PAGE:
Herbs don’t take a lot of attention, providing you keep them happy. Here’s how:
- Keep ‘em under control: Most herbs need well-drained soil, full sun and firm boundaries. To prevent rambunctious herbs from taking over the garden, plant invasive plants, such as mint, in pots.
- Keep ‘em trimmed: Don’t hesitate to cut herbs early and often. Frequent cutting encourages lots of leaves, not seeds.
- Keep ‘em natural: Never use pesticides, fungicides or synthetic chemicals on culinary plants. To keep your herb garden organic, augment the soil with well-rotted manure in spring and fall, and fertilize in the summer with manure tea.
- Keep ‘em dry: Herbs need water, but moisture can lead to mildew and rot. To wet the roots without encouraging disease, water herbs in the morning so the sun can dry the leaves.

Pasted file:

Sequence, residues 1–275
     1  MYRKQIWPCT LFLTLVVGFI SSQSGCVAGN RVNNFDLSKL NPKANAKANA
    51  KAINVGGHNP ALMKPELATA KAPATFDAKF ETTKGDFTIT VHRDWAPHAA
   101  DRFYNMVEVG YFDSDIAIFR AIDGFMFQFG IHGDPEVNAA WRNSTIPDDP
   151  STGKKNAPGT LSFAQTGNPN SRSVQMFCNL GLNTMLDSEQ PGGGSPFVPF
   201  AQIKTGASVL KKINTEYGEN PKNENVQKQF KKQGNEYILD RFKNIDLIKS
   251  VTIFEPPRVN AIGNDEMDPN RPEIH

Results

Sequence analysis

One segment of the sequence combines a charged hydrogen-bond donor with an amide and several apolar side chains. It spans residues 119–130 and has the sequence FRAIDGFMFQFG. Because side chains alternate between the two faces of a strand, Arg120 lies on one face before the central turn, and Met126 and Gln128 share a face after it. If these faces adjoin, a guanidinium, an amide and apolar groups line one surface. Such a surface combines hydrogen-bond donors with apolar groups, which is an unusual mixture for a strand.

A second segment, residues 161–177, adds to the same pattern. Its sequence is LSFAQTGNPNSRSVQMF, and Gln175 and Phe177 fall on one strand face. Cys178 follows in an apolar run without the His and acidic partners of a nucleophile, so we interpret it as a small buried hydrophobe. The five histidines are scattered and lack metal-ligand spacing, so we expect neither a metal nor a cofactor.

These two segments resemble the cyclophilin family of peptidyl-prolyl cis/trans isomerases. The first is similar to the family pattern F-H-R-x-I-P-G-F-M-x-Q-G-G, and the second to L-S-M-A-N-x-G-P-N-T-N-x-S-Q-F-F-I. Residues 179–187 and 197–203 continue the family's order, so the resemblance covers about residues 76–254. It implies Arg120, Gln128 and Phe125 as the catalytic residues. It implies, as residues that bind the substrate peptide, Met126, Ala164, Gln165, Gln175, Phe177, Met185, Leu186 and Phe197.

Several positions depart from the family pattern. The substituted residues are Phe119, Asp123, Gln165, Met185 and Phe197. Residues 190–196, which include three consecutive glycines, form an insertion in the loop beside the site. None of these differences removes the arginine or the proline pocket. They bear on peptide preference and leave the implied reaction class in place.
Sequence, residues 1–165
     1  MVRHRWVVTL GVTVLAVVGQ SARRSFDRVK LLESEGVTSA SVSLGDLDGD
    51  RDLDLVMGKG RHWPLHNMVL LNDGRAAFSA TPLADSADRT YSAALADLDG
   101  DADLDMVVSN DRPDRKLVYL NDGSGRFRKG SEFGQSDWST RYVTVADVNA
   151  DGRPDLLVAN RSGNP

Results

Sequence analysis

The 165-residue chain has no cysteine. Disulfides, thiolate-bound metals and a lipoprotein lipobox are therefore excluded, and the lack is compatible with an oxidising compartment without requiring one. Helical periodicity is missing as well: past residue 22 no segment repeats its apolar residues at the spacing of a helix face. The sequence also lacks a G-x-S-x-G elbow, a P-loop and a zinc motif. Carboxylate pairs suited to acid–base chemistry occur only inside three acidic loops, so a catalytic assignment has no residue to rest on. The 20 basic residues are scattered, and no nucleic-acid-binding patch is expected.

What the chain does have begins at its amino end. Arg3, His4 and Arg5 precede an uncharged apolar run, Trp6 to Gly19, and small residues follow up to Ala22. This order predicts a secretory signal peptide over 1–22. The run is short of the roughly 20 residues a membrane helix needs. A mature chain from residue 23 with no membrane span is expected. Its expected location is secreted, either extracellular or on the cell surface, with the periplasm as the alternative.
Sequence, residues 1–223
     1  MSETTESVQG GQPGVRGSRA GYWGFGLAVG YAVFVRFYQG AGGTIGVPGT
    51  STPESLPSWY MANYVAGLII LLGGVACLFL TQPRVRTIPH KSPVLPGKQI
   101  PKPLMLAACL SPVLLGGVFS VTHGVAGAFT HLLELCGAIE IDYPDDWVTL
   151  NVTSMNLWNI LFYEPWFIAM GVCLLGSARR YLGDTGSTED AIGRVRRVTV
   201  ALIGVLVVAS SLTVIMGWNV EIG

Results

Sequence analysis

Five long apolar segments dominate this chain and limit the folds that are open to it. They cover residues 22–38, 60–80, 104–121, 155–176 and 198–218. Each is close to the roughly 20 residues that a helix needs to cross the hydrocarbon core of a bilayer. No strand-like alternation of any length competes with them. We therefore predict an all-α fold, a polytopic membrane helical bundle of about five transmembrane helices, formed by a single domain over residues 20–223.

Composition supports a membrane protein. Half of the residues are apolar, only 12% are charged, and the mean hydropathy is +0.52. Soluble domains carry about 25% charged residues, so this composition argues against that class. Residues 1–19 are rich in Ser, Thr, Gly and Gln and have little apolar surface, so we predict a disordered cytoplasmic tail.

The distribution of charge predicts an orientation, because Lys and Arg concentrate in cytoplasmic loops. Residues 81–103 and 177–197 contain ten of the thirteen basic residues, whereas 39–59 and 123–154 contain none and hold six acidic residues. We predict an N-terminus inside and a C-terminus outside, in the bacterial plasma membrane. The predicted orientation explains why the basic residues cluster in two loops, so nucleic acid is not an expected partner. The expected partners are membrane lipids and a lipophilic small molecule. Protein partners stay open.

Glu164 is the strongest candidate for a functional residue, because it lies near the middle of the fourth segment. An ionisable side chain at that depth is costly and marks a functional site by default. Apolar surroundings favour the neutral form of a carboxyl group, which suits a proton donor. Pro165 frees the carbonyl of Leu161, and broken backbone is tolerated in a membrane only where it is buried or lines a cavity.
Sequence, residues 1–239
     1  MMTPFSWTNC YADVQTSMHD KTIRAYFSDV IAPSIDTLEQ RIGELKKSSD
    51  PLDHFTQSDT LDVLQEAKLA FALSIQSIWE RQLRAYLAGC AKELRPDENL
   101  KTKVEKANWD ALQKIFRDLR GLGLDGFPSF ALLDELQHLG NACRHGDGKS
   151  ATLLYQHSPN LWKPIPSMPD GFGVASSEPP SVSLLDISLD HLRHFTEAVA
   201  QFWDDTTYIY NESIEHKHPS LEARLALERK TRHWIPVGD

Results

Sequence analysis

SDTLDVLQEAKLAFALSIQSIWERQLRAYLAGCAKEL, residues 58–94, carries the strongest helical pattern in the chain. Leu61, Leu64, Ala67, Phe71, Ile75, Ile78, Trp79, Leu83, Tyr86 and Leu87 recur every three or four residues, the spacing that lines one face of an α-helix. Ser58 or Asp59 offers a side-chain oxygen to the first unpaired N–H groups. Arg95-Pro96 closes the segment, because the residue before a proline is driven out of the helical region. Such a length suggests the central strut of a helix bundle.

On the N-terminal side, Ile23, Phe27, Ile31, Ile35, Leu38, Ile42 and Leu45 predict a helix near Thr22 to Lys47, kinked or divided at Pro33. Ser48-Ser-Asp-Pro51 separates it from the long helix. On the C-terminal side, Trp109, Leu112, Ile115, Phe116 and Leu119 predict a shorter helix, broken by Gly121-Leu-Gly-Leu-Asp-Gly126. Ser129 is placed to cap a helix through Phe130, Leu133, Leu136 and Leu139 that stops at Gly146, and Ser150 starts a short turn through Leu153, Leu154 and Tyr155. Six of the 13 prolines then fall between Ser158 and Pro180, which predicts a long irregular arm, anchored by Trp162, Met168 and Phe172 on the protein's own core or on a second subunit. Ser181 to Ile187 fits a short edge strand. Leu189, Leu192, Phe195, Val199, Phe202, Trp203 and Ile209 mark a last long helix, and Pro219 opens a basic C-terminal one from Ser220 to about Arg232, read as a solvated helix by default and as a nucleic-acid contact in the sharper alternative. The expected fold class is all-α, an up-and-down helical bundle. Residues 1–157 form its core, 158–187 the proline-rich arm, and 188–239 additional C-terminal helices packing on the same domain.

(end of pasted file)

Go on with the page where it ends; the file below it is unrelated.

Harvesting your herbs
Cut only healthy, insect-free stems. The best time to snip is mid-morning, once the dew has dried, but before the sun has wilted the leaves. Then rinse the leaves lightly—you want to remove obvious dirt, but you do not want to wash away the plant’s natural oils, which carry the flavour.
Brewing herbal tea
Herbal infusions require more leaves than green or black tea, so don’t skimp or you’ll end up with bland water. For each cup of boiling water add one tablespoon of fresh herbs or one teaspoon dried. Place leaves in an infuser (many loose-leaf tea pots come with one) or loose in the pot, straining it as you pour.
With fresh herbs, gently crush the leaves before brewing. Whether using fresh or dried herbs, cover the leaves with freshly boiling water and let steep three to five minutes. Want iced tea? Double up on the herbs then dilute the steeped tea with equal parts ice and water.